The shamanic power of art and music works to push us past the bounds of our preconceptions so that we experience new worlds of consciousness. It urges us to experience life in its most primal and passionate state. Without it we might all find ourselves looking out upon a (seemingly) very sterile and gray world, devoid of magic and wonder.
Our minds can grow accustomed to only perceiving and responding to the surface of the living world. Even certain functions of our physical brains work to filter out perceptions and sensations that don’t have anything directly to do with our “biological imperatives”.
But because we are possessed of intuition and connections to the deeper aspects of self-hood (such as dreams), our race has always been aware of other “realms” or dimensions of existence.
We give these magical, dream-like faces of reality various names: the occult, the supernatural, the unconscious, the fairy realm, etc. "Shamanism" is a word that has been given to various traditions throughout the world that aim to access and explore these worlds.
Art as the Medium
One of humanity’s touchstones to these other dimensions has always been music and the other arts. Like dreams, our artistic creations can function as bridges that we can pass over in order to explore altered states of consciousness and non-ordinary perceptions. In ancient times, music played a crucial role in shamanism.
Shamans would journey beyond the confines of the known world in search of wisdom and insights that could benefit their tribes. Drums, rattles, flutes and even stringed instruments were utilized to send them on their way.
Obviously, many people can learn to play musical instruments. It requires a more unusual individual - someone with the particular disposition - to function as a shaman within the context of modern art.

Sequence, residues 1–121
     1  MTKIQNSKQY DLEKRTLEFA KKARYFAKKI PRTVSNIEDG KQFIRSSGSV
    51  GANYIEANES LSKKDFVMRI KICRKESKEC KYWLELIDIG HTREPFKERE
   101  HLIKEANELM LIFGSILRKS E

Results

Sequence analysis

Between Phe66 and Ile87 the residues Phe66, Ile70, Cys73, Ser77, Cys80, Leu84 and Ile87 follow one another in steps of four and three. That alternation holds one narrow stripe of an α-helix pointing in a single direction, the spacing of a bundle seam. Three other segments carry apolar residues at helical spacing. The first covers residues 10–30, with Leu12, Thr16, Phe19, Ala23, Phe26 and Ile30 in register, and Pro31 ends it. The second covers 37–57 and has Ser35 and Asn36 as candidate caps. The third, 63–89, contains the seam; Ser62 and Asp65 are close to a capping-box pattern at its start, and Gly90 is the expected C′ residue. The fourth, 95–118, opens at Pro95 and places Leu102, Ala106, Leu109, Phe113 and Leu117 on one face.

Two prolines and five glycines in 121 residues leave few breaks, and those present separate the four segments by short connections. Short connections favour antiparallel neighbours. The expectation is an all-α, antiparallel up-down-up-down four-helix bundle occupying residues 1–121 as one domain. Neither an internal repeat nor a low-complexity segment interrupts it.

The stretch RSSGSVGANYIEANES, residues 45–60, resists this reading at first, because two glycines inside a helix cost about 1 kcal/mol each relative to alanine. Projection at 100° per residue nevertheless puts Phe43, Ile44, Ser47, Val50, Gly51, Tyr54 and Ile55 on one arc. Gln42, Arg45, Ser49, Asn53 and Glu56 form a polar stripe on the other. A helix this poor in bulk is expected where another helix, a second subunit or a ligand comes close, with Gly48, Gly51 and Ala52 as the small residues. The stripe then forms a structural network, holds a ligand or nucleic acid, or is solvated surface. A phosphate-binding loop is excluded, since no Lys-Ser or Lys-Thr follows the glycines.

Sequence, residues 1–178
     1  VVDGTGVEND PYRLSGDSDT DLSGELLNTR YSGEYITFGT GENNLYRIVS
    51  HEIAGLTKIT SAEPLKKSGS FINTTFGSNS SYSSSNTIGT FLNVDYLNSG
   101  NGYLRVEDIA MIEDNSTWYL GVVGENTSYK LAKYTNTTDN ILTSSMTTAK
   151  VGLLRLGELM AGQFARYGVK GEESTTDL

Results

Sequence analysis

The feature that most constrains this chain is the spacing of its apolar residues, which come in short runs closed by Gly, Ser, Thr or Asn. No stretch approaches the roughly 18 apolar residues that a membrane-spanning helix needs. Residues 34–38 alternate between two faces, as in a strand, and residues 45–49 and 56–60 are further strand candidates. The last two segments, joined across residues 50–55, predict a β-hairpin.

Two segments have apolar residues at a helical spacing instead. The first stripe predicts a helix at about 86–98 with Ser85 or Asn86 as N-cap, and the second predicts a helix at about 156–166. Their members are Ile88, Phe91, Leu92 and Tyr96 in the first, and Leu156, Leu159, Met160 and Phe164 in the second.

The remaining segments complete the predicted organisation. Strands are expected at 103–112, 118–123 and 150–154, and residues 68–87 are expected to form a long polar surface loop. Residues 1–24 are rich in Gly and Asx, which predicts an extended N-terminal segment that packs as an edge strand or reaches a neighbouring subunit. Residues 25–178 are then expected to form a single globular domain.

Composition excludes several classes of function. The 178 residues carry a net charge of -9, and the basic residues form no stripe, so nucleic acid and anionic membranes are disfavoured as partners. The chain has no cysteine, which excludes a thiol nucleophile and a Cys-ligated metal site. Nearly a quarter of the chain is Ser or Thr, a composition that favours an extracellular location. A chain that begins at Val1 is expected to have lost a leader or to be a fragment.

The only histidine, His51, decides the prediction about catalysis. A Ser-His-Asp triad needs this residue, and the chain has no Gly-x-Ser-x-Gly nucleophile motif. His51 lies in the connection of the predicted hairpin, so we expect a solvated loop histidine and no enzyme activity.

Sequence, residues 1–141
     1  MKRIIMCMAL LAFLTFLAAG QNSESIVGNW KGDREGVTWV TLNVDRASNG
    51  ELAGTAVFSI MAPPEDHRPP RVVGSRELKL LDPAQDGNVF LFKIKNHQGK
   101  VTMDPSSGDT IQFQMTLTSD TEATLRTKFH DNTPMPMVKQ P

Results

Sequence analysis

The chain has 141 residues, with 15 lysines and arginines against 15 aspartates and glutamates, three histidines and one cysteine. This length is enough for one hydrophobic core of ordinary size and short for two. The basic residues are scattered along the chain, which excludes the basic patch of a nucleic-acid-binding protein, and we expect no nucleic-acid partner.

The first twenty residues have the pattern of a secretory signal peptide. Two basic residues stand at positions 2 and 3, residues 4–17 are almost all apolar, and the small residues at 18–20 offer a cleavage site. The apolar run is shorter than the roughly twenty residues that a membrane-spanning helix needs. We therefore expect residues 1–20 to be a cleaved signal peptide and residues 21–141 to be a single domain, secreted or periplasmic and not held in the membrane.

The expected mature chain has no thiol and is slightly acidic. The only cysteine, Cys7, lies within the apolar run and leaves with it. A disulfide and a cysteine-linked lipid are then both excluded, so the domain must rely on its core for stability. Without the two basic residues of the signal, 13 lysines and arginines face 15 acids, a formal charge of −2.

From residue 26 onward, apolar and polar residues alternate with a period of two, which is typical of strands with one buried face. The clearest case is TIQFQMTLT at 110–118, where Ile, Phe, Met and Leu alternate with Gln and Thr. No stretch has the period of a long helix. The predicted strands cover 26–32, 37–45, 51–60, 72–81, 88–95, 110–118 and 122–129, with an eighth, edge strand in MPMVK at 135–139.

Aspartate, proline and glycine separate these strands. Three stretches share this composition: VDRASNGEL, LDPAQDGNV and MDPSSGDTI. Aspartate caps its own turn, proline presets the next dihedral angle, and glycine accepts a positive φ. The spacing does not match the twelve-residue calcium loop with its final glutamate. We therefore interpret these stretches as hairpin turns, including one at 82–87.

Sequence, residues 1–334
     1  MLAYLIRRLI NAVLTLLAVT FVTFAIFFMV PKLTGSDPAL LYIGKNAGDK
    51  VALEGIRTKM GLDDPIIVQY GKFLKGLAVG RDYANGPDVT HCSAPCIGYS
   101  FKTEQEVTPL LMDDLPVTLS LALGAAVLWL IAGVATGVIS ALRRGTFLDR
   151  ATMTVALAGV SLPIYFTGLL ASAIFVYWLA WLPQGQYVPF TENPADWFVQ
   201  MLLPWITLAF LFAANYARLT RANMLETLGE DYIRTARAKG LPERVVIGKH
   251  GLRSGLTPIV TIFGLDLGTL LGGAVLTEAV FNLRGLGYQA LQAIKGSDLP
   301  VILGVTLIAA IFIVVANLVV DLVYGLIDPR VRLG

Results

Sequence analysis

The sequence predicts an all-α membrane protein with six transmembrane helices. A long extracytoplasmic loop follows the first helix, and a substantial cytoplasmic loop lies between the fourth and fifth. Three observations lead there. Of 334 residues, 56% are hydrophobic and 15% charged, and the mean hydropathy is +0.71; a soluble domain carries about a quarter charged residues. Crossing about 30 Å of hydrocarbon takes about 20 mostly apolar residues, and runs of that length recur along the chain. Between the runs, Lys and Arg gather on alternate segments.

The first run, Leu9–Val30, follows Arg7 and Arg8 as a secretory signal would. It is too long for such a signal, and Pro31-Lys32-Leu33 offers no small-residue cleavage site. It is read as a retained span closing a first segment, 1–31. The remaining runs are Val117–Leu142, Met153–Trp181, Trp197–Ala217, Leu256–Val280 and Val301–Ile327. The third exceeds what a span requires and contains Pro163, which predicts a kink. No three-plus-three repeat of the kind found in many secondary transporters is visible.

In the third installment of The Edge of the Known series, Humanity's Way Forward, the band's manager, Maureen Connelly, tries to describe the impact that singer/guitarist Brandon Chane has on his audience:
“This thing that you have,” she said, “this spark, fire – the unknown variable that a dozen different writers have given a dozen different names to – it’s really rare. I mean, so many aspects have to somehow magically come together in order for it to work.
Some people are really verbose and yet they don’t have access to those depths, or they’re afraid to go there. Others have the emotional or spiritual openness and yet they can’t articulate it. I think it’s so fitting that your band is Edge of the Known, because you really have found this edge where you stand and you’re in touch with all of it at once, transmitting it… God, I don’t really know how to explain any of this!
“But if something so rare actually has occurred, I would have to say that it’s because – pompous as it may sound, Brandon – it’s because this world needs it.”
Shamanism and the Alpha State
Modern science has drawn parallels between these kinds of rhythms and the human brain's alpha state, which is associated with dreams, non-linear thought, intuition and artistic expression.
The alpha state of mind draws connections between thoughts, impressions and concepts in a different way than the logical faculties do. It is more associative and feeling-oriented.
This kind of consciousness is responsible for the inexplicable quality within certain works of art and/or music that move us in ways that we find very hard to describe. The precepts of shamanism continue to assert themselves in the modern world through such forms of expression.
The Soul of Art
The human soul always seeks to express as much of what it is as it possibly can in physical terms. Our culture has, unfortunately, curtailed much of this expression with its heavy emphasis on logical thinking and an assembly-line approach to living and solving problems.
The kind of psychic one-sidedness that results from this unbalanced emphasis can generate counter-reactions on the "other end". This can be seen in the New Age modes of thought that stress other aspects of the mind (like intuition and extrasensory perception), less healthy ventures such as alcohol and drug addiction, and the modern revival of interest in shamanism.
Music and the arts, if created and responded to with reverence and respect, can serve as a kind of therapy for us in this lopsided cultural climate.
They can remind us of those other dimensions that we've always been aware of but have oftentimes not been able to perceive because of the narrow state of consciousness that we've hypnotized ourselves into.